Riddle of the Muslim grave in Edwardian Preston

Imam Amjad Yusuf, from Fulwood Mosque, and Julie Knifton, clerk at Preston Cemetery, by the grave of Achmed ben Ibrahim
Imam Amjad Yusuf, from Fulwood Mosque, and Julie Knifton, clerk at Preston Cemetery, by the grave of Achmed ben Ibrahim
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The mystery of an overgrown grave hidden away for decades in Preston Cemetery puzzled the city’s Muslim community for years until reporter Ismaeel Nakhuda unravelled a fascinating, long lost piece of local history

It was while clearing out brambles in the early 1970s on the edge of the Muslim section of Preston’s Victorian cemetery volunteers from the city’s mosques stumbled on an old headstone with inscriptions in both Arabic and English.
The discovery of the grave dating from 1906 baffled local Muslims – how did a Muslim come to be buried in Lancashire at the turn of the century? Ornately carved, the headstone is clearly
Islamic in design with inscriptions in Arabic and English.
“Oh he who is deceased and whose mention will be forever,” reads the Arabic. “Here definitely rests Achmed ben Ibrahim al-Marakashi whose soul departed to its Creator on Wednesday 28 Dhu al-Qada 1324.” (Dhu al-Qada being the eleventh Islamic lunar month and 1324 being the Islamic year).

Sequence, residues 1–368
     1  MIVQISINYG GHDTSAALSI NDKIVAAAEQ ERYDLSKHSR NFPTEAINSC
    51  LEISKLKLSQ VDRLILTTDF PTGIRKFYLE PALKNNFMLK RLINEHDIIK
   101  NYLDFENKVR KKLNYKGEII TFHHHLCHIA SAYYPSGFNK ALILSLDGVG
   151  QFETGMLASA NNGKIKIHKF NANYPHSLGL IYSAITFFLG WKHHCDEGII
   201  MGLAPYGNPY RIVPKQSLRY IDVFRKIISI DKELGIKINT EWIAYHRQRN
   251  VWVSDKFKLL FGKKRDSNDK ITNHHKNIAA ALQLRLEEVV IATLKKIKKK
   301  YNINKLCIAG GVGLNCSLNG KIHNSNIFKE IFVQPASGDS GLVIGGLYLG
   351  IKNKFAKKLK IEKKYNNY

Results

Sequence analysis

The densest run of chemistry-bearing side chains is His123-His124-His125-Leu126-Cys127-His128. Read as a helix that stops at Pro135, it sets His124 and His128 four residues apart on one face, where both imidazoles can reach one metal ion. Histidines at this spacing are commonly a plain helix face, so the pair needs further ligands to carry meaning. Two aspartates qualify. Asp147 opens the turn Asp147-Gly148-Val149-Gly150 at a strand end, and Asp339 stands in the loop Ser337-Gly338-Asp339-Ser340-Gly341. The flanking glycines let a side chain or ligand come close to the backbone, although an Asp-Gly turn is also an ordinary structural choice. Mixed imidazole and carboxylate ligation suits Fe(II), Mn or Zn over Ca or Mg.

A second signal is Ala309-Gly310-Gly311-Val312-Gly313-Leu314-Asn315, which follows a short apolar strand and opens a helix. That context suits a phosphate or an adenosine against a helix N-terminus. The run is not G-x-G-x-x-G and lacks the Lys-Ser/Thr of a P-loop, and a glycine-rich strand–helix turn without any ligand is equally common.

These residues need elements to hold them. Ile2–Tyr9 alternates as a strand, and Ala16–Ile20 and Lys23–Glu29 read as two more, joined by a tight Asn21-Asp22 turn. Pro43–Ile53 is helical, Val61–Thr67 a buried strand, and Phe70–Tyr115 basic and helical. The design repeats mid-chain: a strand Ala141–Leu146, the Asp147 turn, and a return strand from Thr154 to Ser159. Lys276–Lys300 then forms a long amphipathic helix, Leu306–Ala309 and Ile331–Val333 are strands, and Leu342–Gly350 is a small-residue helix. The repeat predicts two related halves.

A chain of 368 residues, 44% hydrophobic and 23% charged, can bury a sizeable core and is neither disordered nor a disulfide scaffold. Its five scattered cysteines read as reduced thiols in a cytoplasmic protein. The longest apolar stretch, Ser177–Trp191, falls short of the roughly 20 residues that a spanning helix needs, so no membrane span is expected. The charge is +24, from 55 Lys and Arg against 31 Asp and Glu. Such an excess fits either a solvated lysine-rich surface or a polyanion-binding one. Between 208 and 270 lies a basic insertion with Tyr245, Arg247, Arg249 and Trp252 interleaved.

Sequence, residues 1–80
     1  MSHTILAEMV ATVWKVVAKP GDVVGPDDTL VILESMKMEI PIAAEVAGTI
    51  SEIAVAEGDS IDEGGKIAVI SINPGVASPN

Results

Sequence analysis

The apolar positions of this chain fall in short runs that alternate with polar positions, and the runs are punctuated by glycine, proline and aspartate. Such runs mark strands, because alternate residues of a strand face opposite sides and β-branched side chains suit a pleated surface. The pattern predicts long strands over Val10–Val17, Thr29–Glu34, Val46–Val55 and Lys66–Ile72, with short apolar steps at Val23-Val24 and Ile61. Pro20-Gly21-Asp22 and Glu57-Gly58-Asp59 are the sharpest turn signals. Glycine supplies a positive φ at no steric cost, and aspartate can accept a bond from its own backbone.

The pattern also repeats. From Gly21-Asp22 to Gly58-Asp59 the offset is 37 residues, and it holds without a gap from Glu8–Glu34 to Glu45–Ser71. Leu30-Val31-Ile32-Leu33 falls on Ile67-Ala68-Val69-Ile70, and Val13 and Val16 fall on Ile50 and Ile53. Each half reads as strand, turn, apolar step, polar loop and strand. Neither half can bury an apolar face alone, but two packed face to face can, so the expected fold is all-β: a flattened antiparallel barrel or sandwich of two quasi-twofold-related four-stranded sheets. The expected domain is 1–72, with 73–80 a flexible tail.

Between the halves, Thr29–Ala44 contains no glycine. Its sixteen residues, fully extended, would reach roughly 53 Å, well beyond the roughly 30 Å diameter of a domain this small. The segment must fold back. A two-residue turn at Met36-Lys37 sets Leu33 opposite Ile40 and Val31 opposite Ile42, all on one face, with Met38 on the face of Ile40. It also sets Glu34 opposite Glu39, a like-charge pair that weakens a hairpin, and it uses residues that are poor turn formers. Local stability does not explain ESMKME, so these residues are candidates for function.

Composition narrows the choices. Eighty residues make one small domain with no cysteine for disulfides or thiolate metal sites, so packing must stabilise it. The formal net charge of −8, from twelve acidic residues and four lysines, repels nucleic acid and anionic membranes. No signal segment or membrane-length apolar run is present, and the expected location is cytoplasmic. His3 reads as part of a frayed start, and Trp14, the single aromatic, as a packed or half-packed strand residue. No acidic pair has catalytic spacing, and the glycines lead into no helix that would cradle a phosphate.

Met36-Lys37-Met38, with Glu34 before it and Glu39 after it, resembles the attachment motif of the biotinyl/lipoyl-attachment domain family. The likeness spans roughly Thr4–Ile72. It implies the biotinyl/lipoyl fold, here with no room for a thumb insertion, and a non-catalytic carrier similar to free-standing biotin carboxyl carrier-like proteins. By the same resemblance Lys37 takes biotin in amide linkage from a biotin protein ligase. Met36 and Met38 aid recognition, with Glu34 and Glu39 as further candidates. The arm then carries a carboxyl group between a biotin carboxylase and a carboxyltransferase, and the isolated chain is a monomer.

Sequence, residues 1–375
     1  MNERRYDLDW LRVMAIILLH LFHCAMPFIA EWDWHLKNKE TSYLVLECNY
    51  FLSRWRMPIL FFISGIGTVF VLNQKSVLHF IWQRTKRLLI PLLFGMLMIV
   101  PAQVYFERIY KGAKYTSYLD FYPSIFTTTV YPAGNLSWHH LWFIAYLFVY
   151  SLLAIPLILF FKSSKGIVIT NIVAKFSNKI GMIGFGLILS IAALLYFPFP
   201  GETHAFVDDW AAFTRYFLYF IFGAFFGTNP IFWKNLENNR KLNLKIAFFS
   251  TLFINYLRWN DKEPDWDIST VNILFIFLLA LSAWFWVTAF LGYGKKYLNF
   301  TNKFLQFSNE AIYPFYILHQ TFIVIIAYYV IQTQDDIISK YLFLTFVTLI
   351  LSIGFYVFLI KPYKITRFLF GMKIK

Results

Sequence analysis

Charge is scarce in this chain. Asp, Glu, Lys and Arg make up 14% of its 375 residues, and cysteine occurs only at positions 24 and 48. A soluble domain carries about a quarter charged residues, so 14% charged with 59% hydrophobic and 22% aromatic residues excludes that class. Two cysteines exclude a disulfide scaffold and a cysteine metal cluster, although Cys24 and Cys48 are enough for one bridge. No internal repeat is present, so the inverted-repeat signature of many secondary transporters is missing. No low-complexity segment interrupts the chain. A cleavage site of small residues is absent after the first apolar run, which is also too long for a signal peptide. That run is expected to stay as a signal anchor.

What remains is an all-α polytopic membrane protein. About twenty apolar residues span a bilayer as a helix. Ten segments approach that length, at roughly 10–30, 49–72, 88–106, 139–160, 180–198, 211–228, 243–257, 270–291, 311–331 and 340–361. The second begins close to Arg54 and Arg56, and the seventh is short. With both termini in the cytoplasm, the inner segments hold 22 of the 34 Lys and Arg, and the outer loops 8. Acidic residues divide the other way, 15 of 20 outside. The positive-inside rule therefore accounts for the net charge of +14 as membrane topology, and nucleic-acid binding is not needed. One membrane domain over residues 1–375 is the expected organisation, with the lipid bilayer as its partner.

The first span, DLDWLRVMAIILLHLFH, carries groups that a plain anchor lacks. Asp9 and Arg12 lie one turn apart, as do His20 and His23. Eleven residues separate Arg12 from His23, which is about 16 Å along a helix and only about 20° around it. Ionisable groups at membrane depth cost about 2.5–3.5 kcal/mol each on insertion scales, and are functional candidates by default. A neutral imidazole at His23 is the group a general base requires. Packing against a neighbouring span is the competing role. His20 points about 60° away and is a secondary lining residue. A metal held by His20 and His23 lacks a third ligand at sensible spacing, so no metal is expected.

The English inscription below the Arabic reads: “Here repose the mortal remains of Achmed Ben Ibrahim of Maraksh Morocco, who died January 24, 1906, aged 60 years.”
For the Muslims of Preston the grave became an enigma. No one knew who Achmed was, what he was doing in Preston and how he came to be buried in the North West of England. As a young boy, I remember visiting the grave on Eid in the mid-1980s with my dad and other family members. I also recall the animated conversations about Achmed, his headstone and why he was buried with his feet (contrary to Muslim custom) pointing west. In subsequent years, the headstone was moved to a south eastern position in line with the surrounding Muslim graves.
Was Achmed a businessman, a traveller passing through, or even a pious Muslim scholar visiting Edwardian Britain spreading teachings as has been the habit of saintly Muslims and Sufis throughout the Islamic world for centuries?
The Muslim community in Preston had no idea; the bulk of Preston’s Muslim community today have